TCS Daily


Trial Lawyers vs. the Armed Forces

By Sydney Smith - January 2, 2004 12:00 AM

One of the greatest public health advances in the past century -- the conquest of infectious disease by immunizations -- is slowly but surely being undermined in this century thanks to the efforts of a few determined trial lawyers.

Litigation, and the fear it spawns, has touched just about every facet of vaccination programs. It has reduced the number of vaccine manufacturers over the past three decades - from twenty-five to four. It has touched childhood vaccines. It kept an FDA panel from approving an appropriate viral strain for this year's influenza vaccine. It helped stall the smallpox vaccination program. And now, it has moved the Department of Defense to halt their anthrax vaccination program. You know things are bad when even the armed forces are afraid of the trial lawyers.

The impetus behind the DoD's decision was a lawsuit brought by several service members who objected to the anthrax vaccination program for those who are deployed to high risk areas, such as the Middle East. Their attorney, Mark S. Zaid, says the anthrax vaccination program "ruins the lives of dedicated service members and their families." His stated goal is to terminate the program. Unable to prove that the vaccine has ruined any lives, he has instead argued that it's an investigational drug and thus can not be given to any serviceman without his consent. Mandated vaccinations against anthrax are therefore illegal. The judge agreed, accusing the Department of Defense of using our armed forces as "guinea pigs."

"Guinea pig," of course, implies that the vaccine is being given as part of an experiment, but nothing could be farther from the truth. The original guinea pigs in the anthrax vaccine story were goat hair mill workers from half a century ago. At that time, anthrax struck these workers at a rate of one to two percent per year. Most often it was cutaneous anthrax, but sometimes it was the more fatal inhalation anthrax. During the study, there were five cases of inhalation anthrax among mill workers -- four of whom died. All of the cases of inhalation anthrax were in unvaccinated workers. In a subsequent study, the vaccine was administered to 7,000 subjects to better assess side effects before it was finally approved in 1970. (For more on the vaccine's safety and efficacy, see this and this.)

The FDA approved the vaccine for "individuals who may come in contact with animal products that may be contaminated with Bacillus anthracis spores, and for individuals engaged in diagnostic or investigational activities which may bring them in contact with Bacillus anthracis spores. It is also recommended for persons at high risk, such as veterinarians and others handling potentially infected animals." The world being a much simpler place in 1970, the FDA failed to mention that it could also be useful for those who might face anthrax in a bioweapon. And thus, a loophole was born.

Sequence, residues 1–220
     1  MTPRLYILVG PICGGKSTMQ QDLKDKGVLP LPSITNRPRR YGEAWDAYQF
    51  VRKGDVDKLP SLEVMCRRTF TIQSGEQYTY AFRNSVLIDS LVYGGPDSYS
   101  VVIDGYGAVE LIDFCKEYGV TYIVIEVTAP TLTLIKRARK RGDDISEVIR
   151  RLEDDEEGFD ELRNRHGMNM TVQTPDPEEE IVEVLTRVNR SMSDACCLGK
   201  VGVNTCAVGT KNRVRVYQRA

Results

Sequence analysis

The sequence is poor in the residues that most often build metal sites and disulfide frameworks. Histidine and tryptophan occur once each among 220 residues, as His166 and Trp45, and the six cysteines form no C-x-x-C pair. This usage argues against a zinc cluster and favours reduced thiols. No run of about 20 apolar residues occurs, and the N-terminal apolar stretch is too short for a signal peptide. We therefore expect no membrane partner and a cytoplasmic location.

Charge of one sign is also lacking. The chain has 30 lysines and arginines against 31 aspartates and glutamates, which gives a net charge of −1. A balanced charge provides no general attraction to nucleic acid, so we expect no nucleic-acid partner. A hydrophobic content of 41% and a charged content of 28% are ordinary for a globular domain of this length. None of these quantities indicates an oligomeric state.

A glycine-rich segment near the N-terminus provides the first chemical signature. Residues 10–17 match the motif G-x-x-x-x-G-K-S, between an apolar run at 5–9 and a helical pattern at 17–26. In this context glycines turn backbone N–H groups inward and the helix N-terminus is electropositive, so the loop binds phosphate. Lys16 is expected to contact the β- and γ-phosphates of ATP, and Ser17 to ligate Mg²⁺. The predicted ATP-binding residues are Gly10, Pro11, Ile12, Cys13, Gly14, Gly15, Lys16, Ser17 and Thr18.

Mr. Zaid's argument is that the vaccine has not been specifically approved to prevent inhalation anthrax, and thus it's an investigational drug. However, the intent in developing the vaccine was to prevent inhalation anthrax, and it's ability to do so was specifically examined in the original studies. After the vaccine's approval, the incidence of anthrax dropped dramatically. After 1978, there was not one case of inhalation anthrax in the United States. Not, that is, until the autumn of 2001.

With such a dearth of naturally occurring disease, it's impossible to specifically test the vaccine's efficacy on people. At least, it's not possible to do that sort of testing ethically. It is, however, possible to test it in real guinea pigs, rabbits, and monkeys. And in those tests it's been effective.

We know that inhaled anthrax is deadly. We know that it's been developed as a bioweapon. We
have even had first hand experience with its use. And yet, just a little over two years after the anthrax attacks in the United States, one determined lawyer and a scientifically challenged judge, have managed to bully the Department of Defense into giving up an effective and safe defense against it. Our judicial system, arguably one of the greatest strengths of our nation, has effectively been turned into a fifth column in the war on terror. Who said irony is dead?

Sydney Smith is a family physician who has been in private practice since 1991. She is board certified by the American Board of Family Practice, and is a Fellow of the American Academy of Family Practice. She is the publisher of MedPundit.


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